April 27, 2011
Power and Pressure: The Media in Africa
|Time||Wednesday, 4:00 pm|
Director, International Media, Advocacy and Communications Specialization and Lecturer of International and Public Affairs
School of International and Public Affairs
|Location||International Affairs, Kellogg Center / Google Map|
|Registration||Registration is Encouraged / Sign Up|
Full conference video is now available.
As the extractive sector has come to play an increasingly important role in the economies of sub-Saharan Africa, attention has turned to the media. Many hope that the media will play an important role in framing the policy agenda and educating the public and so support efforts to boost transparency, promote good governance and help ensure that revenues from the extractives are used well to reduce poverty and promote development. But in many of the countries where the extractive sector is important, the media is unable to play a forceful and active role. The problems the media faces include reporters and editors who lack the expertise to adequately cover this important subject, lack of resources to hire and train staff who could do the job, lack of political will and pressure from government and companies not to do tough investigative reporting.
At the same time, an increasing number of NGOs (both foreign and domestic) have begun to look at how to ensure the continent benefits from the revenues that are generated from the extractive sector.. The stated aims of groups like Publish What You Pay, the Extract Industries Transparency Initiative and Revenue Watch Institute (among others) include boosting transparency in order to prevent the funds being stolen or squandered. They hope that the projected revenues from oil, gas and mining can be used to improve the economic development of extractive countries and the income of ordinary citizens.
To this end, many of the efforts of the NGO community are aimed at capacity building and educating members of civil society, government and the media. They hope that by educating and empowering citizens, parliamentarians and the press they will be able to boost transparency and help ensure funds are well spent. A panel hosted by CGT/IMAC could discuss the role of the media in covering the extractive sector in Africa, talk about where some of the stronger reporting is taking place currently, look at digital media (sites like saharareporters.com) and its ability to get around the restrictions faced by reporters in the legacy media and outline areas for future coverage.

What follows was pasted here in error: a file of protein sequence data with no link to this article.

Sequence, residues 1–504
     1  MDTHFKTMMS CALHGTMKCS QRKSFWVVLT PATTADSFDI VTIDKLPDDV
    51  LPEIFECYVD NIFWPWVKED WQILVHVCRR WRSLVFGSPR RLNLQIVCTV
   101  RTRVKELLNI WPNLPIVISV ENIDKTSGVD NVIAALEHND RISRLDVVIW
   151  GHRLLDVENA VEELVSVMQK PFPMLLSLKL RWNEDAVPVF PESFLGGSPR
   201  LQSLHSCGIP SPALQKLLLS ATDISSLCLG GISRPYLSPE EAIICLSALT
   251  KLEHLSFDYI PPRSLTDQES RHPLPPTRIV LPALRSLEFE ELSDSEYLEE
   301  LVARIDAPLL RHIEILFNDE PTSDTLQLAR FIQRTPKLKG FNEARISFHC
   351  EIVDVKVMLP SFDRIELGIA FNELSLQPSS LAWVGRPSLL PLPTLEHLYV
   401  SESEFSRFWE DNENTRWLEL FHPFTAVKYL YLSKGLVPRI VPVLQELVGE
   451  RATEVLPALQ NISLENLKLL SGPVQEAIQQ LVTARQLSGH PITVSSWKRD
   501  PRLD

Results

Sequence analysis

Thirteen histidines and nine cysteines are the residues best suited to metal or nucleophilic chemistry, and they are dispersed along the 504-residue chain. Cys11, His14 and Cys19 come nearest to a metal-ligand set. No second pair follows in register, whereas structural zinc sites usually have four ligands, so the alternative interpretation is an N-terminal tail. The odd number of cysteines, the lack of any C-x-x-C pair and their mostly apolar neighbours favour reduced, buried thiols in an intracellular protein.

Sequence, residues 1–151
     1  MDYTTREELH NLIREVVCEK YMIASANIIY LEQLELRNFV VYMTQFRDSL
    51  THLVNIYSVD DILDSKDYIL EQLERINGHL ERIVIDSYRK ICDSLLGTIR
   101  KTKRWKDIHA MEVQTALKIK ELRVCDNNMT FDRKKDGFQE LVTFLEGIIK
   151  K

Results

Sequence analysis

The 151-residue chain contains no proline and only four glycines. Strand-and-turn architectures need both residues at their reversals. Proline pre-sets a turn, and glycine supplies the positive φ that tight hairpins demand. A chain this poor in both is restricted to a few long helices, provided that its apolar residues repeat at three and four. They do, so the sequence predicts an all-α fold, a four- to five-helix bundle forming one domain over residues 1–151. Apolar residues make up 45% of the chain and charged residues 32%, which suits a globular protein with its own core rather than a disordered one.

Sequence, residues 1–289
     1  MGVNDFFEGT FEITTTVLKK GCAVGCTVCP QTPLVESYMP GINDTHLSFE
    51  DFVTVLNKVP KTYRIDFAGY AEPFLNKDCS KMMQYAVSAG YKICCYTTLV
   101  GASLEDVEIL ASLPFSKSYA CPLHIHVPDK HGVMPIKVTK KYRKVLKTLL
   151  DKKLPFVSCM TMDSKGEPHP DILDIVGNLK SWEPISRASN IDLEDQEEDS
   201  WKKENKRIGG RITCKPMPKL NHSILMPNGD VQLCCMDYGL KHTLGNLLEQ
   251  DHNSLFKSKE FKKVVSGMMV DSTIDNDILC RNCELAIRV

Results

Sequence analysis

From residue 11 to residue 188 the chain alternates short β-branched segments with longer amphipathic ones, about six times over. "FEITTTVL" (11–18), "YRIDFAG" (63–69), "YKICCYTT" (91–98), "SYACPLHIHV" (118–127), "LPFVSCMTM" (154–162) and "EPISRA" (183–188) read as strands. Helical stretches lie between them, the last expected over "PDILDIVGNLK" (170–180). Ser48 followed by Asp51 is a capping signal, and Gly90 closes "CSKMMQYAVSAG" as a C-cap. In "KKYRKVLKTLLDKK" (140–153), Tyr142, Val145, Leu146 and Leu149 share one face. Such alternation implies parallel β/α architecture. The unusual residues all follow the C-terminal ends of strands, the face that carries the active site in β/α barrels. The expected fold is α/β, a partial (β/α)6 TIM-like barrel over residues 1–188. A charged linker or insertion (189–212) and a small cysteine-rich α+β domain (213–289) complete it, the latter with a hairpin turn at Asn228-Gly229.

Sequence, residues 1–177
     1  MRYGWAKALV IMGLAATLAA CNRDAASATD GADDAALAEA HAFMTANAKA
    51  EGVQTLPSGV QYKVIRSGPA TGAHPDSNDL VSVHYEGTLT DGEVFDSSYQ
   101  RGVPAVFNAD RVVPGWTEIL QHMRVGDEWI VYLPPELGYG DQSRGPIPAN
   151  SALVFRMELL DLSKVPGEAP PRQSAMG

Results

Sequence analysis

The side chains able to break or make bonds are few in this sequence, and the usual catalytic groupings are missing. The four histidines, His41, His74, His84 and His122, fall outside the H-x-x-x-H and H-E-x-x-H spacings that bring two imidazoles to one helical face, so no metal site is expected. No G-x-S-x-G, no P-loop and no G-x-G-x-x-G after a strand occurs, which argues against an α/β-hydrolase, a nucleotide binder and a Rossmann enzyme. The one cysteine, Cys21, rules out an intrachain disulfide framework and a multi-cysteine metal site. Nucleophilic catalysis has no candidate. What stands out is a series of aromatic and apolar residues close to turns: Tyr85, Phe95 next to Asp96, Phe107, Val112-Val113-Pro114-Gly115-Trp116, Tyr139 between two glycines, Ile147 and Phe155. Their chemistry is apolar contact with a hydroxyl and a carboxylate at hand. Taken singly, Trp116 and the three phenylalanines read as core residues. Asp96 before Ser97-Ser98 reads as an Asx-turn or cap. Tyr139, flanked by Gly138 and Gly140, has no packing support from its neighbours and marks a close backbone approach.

Check this page as the event approaches for more information about panelists.
Welcome and Opening Remarks
Media and the Extractive Sector
Arvind Ganesan, Angelo Izama, Peter Rosenblum, Ramata Soré
Moderator: Rachel Boynton
This panel will look at the role that African media is playing in covering the extractive sector. Panelists will examine how the media contributes to promoting good governance and the constructive use of revenues, as well as discuss the line between journalism and advocacy.
Transparency and Governance in Africa: The Work of NGOs
Kobina Aidoo, Ian Gary, Alexandra Gillies
Moderator: Eamon Kircher-Allen
Transparency and governance in many African countries, particularly in those that rely heavily on extractives for revenues, is notoriously lacking. Citizens, the media, and even government officials know too well the opportunities this creates for corruption, and the obstacles it presents to democratic engagement. In this panel, experts from the Revenue Watch Institute and Oxfam discuss the root causes of these problems -the politics of poor governance, the legal frameworks behind relationships with oil companies, and institutional unaccountability- and the work their organizations are doing to address them.
African Media, Social Change, and the Politics of Representation
Ben Akoh, Dayo Olapade, Saskia Sassen
Moderator: Karen Attiah
This panel will look at the role of the African media during periods of social, political, and cultural change in Africa. Panelists will discuss their experiences with the media in various African nations, as well as explore the media's role in the changing landscape of cultural representations of Africa around the globe.
Tea and Coffee Break
How Do Changes in the Media Sector Relate to Economic Development?
Michael Behrman, Sanjukta Roy
In this session, Internews Network will present its new research that looks at how changes in the media sector in the region of Sub-Saharan Africa relate -or not- to other key aspects of economic development. Panelists will also address the issue of whether media development precedes certain aspects of economic development or vice versa.
Speaker biographies may be found at the top-right of the page.
|Co-Sponsor(s)||International Media, Advocacy and Communications Specialization at SIPA|